An Evening of Acoustic Music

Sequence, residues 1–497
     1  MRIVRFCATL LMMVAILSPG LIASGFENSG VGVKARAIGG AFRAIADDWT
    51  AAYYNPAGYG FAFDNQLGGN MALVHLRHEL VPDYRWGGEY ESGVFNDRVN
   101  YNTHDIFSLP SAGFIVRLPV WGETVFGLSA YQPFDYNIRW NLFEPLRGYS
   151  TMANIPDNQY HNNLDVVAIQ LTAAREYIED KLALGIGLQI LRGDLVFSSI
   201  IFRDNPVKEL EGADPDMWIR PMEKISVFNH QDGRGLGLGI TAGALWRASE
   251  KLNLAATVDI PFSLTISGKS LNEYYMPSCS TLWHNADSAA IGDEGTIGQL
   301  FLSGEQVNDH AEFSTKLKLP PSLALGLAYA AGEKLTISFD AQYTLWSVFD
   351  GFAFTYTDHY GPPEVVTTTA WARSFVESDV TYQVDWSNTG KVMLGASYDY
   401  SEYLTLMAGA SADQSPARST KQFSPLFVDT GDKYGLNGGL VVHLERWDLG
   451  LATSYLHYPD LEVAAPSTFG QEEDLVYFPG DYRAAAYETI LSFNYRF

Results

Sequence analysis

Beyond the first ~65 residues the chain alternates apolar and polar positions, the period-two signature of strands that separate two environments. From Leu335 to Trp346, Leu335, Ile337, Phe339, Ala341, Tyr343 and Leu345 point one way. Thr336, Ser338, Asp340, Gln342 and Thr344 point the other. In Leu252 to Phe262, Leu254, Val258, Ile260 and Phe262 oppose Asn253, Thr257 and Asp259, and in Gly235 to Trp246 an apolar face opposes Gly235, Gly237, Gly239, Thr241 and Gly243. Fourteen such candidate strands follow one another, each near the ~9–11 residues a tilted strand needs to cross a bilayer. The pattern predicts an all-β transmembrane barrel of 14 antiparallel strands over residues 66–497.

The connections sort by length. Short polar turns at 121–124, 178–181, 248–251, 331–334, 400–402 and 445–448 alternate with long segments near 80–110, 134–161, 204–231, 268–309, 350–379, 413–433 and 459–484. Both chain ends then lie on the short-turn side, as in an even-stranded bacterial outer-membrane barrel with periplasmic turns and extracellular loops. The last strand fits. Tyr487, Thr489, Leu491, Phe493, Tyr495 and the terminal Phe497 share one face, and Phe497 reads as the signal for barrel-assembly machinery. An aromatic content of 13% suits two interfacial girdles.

A point of annoyance for any music scribe who's ever been overseas at blues or jazz festivals is the propensity of European audiences to clap along to the music on one-and-three. I'm sure the musicians themselves are equally annoyed but unwilling to alienate their Euro-fans by commenting on their rhythmically-challenged nature. They talk about it amongst themselves in the musicians bar after the gig but never make an issue of it on stage. Until now. Taj Mahal, a big attraction abroad, has finally pointed out the problem in no uncertain terms and for that deserves the musician's equivalent of the Nobel Peace Prize. On his latest, An Evening Of Acoustic Music (Ruf 1009; 70:24) he halts a spirited version of Little Walter's "Blues With A Feeling" to announce to his over-eager German audience: "No, no, no. This is schwartze music. For Mozart and Chopin and Vladimir Horowitz you clap on one and three. For schwartze music you clap on two and four." His mini-clinic registers with the crowd as they are soon clapping along properly on solo acoustic versions of Robert Johnson's "Come On In My Kitchen," Howlin' Wolf's "Sittin' On Top Of The World" and Taj's own boogie woogie "Big Legged Mamas Are Back In Style Again." The engaging performer also turns in some serious picking on Reverend Gary Davis' "Candy Man," Mississippi John Hurt's "Satisfied 'N' Tickled Too" and a Piedmont styled arrangement of "Stagger Lee." Tuba player Howard Johnson, whose relationship with Taj goes back to some recordings together from the late '60s, appears on the affecting Taj originals "Cake Walk Into Town," "Big Kneed Gal" and "Texas Woman Blues." And the ebullient Mr. Mahal bids aus wiedersehn to the crowd with a rousing banjo performance on the folky original "Tom & Sally Drake." Now if only those in attendance can spread the word to the rest of the continent about that two-and-four thing.